Hong Kong’s industrialists are moving out of mainland China to safer havens in Sino-US trade war
Malaysia, Vietnam and lower-cost economies in Southeast Asia are the new home for many Hong Kong manufacturers
Hong Kong’s manufacturers, who relocated their production of toys, electronics, textiles and plastics to factories in mainland China three decades ago, are on the move again.
This time, they are moving their production lines to Malaysia, Vietnam and lower-cost economies in Southeast Asia to avoid rising wages and land costs, and in search of safe havens from the escalating trade war between China and the US, said the president of a guild that represents 150 manufacturers with a combined workforce of 1 million and HK$200 billion (US$25.5 billion) in annual production.
“Many manufacturers have begun the relocation process of their production lines from the mainland due to rising costs and tougher regulations,” said Clara Chan Yuen-shan, president of the Hong Kong Young Industrialists Council (HKYIC) and chief executive of Lee Kee Holdings. “The outbreak of the US-China trade war escalates the wave of relocations.”
Chan’s company, founded by her great-grandfather in 1947, supplies electroplating chemicals and trades zinc, nickel, aluminium and other metals used in smartphones, toys and cars. The Hong Kong company supplies more than 70 per cent of the zinc alloy imported into mainland China.
Its 1,200 manufacturing customers, almost all of them mainland-based, are the hardest hit in the ongoing trade war with the US, since their metal products bound for US shores are subject to import tariffs.
“If the trade war continues to intensify, or extends to include toys, fashion wear and plastics, Hong Kong industrialists will be hit even harder because many of them are engaged in these industries,” Chan said.
Some manufacturers have already begun the process of relocation, moving parts of their production lines to Penang in Malaysia, or to other members of Asean, the Association of Southeast Asian Nations, said Kerry Logistics’ managing director William Ma Wing-kai.
Ian Chan, chief executive of technology component maker Kayamatics, arrived in Malaysia on Sunday to explore with his local partner the possibility of setting up production lines in Kuala Lumpur and Penang. His company sells Internet of Things devices, such as trackers for trucks to the US market while his firm has two factories in the mainland - one in Shenzhen and one in Chongqing.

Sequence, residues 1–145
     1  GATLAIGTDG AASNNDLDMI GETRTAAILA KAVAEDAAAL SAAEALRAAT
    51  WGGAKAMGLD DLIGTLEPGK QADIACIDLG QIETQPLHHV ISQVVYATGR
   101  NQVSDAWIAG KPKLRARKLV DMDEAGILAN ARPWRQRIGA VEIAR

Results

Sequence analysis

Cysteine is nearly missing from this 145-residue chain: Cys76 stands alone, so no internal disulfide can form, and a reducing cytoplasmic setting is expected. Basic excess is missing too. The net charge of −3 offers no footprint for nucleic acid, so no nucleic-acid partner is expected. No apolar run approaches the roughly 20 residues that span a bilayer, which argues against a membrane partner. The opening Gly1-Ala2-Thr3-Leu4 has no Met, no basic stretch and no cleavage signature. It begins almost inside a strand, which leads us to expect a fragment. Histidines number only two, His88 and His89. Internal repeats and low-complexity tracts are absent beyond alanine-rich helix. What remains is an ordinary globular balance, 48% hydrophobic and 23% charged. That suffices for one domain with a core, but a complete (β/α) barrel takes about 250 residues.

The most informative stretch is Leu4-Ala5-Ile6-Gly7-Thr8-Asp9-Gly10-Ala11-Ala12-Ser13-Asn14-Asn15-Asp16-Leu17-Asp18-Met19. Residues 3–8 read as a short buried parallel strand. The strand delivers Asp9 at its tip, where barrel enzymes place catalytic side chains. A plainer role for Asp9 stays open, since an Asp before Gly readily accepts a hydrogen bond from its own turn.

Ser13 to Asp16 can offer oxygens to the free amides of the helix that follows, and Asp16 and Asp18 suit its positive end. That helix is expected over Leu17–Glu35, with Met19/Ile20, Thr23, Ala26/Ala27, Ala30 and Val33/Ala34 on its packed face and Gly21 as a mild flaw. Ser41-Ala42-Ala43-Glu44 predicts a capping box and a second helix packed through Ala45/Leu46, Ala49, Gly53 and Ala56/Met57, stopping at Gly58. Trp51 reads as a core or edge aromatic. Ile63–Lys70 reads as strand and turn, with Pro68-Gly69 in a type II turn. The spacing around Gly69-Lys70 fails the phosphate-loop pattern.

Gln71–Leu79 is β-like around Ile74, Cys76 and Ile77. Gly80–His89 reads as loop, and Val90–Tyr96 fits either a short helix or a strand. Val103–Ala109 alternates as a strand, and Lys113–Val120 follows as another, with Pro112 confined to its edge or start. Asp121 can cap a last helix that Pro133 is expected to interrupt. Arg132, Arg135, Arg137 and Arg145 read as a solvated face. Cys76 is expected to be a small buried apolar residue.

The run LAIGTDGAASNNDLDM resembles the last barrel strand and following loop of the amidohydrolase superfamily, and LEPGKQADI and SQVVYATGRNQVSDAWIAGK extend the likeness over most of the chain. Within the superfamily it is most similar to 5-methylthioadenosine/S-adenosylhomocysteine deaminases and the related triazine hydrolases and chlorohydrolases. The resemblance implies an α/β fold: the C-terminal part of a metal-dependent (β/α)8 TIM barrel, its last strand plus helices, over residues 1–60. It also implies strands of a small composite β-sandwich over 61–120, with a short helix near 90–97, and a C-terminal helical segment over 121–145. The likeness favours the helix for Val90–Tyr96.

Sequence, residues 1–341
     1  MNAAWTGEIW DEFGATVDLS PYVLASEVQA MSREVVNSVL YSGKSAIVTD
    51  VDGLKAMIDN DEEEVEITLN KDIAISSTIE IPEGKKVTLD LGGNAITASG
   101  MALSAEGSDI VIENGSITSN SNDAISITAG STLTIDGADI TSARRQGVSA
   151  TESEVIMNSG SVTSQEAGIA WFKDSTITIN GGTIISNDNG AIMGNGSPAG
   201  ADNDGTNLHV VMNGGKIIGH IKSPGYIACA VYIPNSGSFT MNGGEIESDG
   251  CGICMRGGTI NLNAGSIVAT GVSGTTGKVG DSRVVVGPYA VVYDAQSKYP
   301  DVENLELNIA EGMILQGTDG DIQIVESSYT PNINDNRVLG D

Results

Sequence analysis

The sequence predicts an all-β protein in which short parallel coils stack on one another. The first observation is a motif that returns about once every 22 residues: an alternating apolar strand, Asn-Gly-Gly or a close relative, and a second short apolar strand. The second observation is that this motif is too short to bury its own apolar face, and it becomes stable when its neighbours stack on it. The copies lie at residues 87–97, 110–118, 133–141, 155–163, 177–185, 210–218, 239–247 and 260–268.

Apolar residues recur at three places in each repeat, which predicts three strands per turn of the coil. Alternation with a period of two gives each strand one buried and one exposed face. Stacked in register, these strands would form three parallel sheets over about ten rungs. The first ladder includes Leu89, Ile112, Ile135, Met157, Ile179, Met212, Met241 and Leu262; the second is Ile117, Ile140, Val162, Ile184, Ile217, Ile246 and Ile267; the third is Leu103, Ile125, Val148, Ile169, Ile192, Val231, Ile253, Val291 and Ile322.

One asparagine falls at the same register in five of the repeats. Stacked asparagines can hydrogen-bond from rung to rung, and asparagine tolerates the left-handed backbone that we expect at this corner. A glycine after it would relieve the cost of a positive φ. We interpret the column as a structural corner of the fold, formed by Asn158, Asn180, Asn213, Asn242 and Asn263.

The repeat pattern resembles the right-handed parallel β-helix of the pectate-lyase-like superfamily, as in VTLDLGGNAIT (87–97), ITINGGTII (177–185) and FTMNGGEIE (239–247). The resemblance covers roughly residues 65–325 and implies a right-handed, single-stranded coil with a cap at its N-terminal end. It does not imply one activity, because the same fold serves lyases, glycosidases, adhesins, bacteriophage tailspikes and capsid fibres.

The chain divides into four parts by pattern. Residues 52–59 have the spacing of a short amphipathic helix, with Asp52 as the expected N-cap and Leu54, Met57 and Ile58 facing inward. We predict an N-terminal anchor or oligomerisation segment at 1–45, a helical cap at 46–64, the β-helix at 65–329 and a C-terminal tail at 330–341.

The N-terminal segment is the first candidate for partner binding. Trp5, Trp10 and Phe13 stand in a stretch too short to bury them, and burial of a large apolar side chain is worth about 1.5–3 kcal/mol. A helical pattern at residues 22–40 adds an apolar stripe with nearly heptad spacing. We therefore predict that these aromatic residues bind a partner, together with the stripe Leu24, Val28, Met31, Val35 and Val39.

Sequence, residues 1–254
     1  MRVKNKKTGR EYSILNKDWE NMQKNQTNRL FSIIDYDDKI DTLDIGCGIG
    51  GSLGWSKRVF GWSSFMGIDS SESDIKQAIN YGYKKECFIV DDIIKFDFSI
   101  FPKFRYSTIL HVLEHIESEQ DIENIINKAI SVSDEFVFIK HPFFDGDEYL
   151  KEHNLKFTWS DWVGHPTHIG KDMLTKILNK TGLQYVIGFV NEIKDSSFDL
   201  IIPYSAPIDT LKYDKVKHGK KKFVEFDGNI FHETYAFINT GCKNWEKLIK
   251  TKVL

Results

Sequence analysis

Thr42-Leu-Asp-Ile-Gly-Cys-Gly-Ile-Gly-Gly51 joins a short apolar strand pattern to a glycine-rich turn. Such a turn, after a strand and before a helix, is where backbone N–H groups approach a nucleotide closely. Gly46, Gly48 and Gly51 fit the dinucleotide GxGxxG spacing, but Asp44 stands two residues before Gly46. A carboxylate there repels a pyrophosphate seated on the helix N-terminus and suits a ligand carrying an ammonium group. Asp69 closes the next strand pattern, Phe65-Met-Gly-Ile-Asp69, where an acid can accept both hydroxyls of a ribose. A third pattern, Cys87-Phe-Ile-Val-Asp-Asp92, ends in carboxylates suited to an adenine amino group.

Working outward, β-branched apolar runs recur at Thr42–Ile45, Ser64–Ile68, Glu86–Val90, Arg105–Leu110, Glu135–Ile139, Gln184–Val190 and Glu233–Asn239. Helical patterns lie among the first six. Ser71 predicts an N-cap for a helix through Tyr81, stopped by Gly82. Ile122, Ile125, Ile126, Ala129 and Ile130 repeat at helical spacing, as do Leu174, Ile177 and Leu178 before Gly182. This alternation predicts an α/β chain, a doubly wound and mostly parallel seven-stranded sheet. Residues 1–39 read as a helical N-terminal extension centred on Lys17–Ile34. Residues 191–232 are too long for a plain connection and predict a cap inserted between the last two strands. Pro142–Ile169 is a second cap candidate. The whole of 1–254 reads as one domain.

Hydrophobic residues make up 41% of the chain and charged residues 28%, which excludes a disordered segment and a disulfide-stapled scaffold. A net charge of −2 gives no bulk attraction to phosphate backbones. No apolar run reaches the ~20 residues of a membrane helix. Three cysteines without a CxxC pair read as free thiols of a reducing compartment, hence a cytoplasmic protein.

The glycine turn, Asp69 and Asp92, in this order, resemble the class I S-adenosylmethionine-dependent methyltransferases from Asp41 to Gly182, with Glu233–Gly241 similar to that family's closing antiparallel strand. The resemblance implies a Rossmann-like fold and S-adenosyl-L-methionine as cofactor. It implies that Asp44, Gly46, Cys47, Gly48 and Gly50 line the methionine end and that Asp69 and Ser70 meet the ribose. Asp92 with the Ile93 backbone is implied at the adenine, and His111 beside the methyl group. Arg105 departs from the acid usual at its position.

“Many manufacturers have ‘talked’ about moving their production lines out of the mainland in recent years but few have taken real action as it is not a simple process. It requires three to six months to prepare the new plant location, staff and management.
“However, since the US President Donald Trump in June announced his plan to impose tariffs on many Chinese goods, many Hong Kong and mainland manufacturers are seriously considering setting up a back-up production line in Malaysia or Vietnam to prepare for the worst,” he said.
Malaysia and Vietnam are popular choices because they have highly skilled labour. “Malaysia could well be a winner of this trade war,” he added. “I do not think we could abandon our mainland production lines as that would be too difficult. But a back-up production line in Malaysia or Vietnam is a safe bet for us.”
A side effect and collateral risk of the trade war is the potential for a competitive devaluation of global currencies, as affected countries outdo each other to make their money worth less in US dollar terms to make their exports more attractive.
“A highly volatile currency war would create a lot of uncertainties for manufacturers, and that is not a good thing for our industry,” said Paul Tai Lun, vice-president of HKYIC and regional director of Mainetti (HK), a maker of fashion hangers. “The yuan has dropped over 6 per cent to a one-year low since mid-June when the trade war began. While a cheaper yuan may help exporters compete in the international market, the US may also take punitive measures in revenge,” which would not be good news for manufacturers, he said.
Besides relocation, Chan said industrialists had to defend themselves from the trade war by adopting more innovation and artificial intelligence (AI) and robotics technology to cut costs and enhance production.
Another strategy could be for Hong Kong’s industrialists to turn their business strategies from exports toward China’s growing market of affluent consumers, with their voracious appetite for products, Chan said.
“Manufacturers who are hard hit by the trade war should also develop their sales in mainland cities,” she said. “The Greater Bay Area has more than 68 million people while Shanghai has over 20 million people. These domestic customers would help offset their loss in international trade.”